First off these guys were in the wrong and got caught, I am not defending the stupidity of flying close to an aircraft. However, to create a story with a headline "nearly hit" misleading most. Drones can be dangerous if flown next to aircraft. This is theoretically possible and flyers should stay away to avoid being arrested or at fault for a death!!
Original story with photos here:
TWO MANHATTAN men were arrested early Monday after they piloted a drone close to the George Washington Bridge and nearly struck an NYPD helicopter, police sources said.
Wilkins Mendoza, 34, and Remy Castro, 23, were remotely piloting a DGI Phantom 2 drone as it flew near the Hudson River crossing, at about 800 feet in the air, around midnight, the sources said. An NYPD helicopter crew spotted the drone and observed the unmanned aircraft as it circled the Spuyten Duyvil Bridge over the Harlem River about 12:20 a.m., the sources said.
At one point, the NYPD helicopter pilot had to veer off course to avoid being struck by the drone, the sources said.
The helicopter crew followed the drone and watched it touch down at Fairview Ave. and Fort George Hill in Inwood.
Mendoza and Castro, both of Inwood, were arrested at the landing zone at 12:34 a.m., and police also recovered a second drone, the sources said.
Both men were arraigned in Manhattan Criminal Court on a single felony count of Class D reckless endangerment, a charge stemming from the fact the pilot said he felt the drone endangered the NYPD helicopter.
But a prosecutor requested the men be released without bail, and a judge agreed.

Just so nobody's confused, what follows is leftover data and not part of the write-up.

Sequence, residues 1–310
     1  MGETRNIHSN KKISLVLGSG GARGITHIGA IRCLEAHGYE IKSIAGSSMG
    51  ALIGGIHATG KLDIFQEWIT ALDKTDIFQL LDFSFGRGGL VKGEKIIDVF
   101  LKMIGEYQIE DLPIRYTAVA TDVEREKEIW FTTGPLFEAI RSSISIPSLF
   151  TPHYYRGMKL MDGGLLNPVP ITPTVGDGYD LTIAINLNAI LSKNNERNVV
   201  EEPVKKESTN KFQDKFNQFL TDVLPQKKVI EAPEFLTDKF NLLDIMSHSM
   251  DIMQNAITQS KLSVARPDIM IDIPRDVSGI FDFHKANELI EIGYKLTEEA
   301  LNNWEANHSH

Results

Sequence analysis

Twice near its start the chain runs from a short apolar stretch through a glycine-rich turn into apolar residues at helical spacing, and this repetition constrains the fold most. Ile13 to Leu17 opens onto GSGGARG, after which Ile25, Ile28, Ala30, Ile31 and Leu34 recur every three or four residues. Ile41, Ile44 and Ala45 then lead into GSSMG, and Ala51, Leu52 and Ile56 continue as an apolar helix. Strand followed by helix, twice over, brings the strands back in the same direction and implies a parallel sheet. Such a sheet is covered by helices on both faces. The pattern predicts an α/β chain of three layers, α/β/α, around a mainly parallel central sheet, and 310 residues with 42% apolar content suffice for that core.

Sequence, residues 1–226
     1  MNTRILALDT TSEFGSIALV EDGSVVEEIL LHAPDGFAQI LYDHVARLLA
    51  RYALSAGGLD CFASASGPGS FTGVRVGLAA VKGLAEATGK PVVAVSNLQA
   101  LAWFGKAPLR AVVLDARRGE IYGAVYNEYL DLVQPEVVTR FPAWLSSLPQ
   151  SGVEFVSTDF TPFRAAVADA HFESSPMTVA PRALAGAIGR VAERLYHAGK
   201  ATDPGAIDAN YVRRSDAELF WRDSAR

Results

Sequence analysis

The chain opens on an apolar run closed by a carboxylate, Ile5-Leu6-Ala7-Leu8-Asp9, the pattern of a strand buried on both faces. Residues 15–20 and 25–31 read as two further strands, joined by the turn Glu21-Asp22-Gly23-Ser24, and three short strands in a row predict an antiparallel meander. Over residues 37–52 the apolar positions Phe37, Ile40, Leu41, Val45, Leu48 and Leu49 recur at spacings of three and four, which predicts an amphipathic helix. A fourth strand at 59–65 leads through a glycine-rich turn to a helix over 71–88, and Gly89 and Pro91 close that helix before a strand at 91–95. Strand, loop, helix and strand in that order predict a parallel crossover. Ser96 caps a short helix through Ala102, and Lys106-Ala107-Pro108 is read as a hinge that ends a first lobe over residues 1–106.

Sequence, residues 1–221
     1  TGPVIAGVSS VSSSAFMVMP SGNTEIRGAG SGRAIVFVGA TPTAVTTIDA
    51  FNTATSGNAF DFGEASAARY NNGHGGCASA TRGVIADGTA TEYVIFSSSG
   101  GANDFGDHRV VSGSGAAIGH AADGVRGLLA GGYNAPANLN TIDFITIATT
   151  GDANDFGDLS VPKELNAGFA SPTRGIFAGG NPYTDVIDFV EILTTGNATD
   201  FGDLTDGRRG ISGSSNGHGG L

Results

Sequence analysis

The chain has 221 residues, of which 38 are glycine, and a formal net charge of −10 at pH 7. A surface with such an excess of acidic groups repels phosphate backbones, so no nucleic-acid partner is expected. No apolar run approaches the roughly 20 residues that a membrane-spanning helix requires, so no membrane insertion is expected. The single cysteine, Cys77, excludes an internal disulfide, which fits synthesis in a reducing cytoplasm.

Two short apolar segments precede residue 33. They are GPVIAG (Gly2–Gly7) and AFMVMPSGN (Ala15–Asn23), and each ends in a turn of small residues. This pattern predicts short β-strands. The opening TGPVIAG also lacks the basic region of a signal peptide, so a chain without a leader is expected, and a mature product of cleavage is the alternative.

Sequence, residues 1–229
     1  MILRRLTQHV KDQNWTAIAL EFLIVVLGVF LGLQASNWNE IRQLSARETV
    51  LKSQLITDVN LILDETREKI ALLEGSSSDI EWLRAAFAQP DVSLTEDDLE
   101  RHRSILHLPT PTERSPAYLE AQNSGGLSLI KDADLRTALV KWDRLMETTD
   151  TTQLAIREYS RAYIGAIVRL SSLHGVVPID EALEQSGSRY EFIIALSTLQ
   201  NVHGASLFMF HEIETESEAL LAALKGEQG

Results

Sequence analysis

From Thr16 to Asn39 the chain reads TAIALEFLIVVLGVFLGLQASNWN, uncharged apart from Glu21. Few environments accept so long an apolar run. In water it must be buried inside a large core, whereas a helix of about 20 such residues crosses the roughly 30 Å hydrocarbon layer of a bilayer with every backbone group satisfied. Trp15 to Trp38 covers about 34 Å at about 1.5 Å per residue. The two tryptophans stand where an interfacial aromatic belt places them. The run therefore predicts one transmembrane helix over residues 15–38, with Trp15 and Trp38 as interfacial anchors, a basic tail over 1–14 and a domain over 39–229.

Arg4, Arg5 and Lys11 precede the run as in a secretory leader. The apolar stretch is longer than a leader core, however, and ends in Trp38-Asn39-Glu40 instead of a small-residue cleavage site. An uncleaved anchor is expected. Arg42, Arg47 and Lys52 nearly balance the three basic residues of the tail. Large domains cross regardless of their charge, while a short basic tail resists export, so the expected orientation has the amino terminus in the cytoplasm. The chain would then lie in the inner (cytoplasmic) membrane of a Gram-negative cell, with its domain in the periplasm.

A prosecutor told the judge that police reported the drone as having flown 2,000 feet in the air, but a defense attorney said the model used can only fly at heights of 300 feet.
This is an interesting incident, and hopefully it will illustrate what is really unacceptable behavior for Phantom Quadcopters and their rapidly proliferating relatives.
I am very suspicious that the copters were actually there because they had been called to the scene because of the drones.
And that the reality maybe more that they were the ones approaching the Quad and when it didn't get out of the way reported they had to swerve to avoid it.
There is rather a considerable difference in performance envelope here.
This is no justification for the undertaking of this flight in the first place, it serves as an excellent example of what not to do.
And real helicopters interacting with multicopters is exactly what the FAA is going to use in establishing Draconian prohibitions aimed at eliminating our hobby.
@Rob, thank you for bringing this article to our attention, we need to know about this kind of stuff because we are all going to suffer because of it.
The liklihood of damaging a helicopter is not so important as even the remotest possibility and no pilot would actually want to run into one of these things.
And the FAA most certainly is in full support of that policy.
I think drones are invading the sky of copter pilots who have generally been given a pass on the 500 foot rule. They've had this pass for so long that they routinely fly over my house and others at half that altitude, and traffic copters circle for twenty to forty minutes when there is an accident on a nearby freeway.
It's so nice to have your wood frame house shake for the better part of an hour and the glass rattle in the windows! And the military and search and rescue copters are heavier and shake things even more (and don't fly an inch higher).
The top story in this thread is clearly about two idiots who misused technology they should have left on the shelf or online. The Phantom does have an altitude limiter, but it's easily disabled. Circling a bridge had to mean they crossed bridge traffic at some point, which is a bad idea (see: flying brick). Flying at night also isn't smart, and less so around a suspension bridge!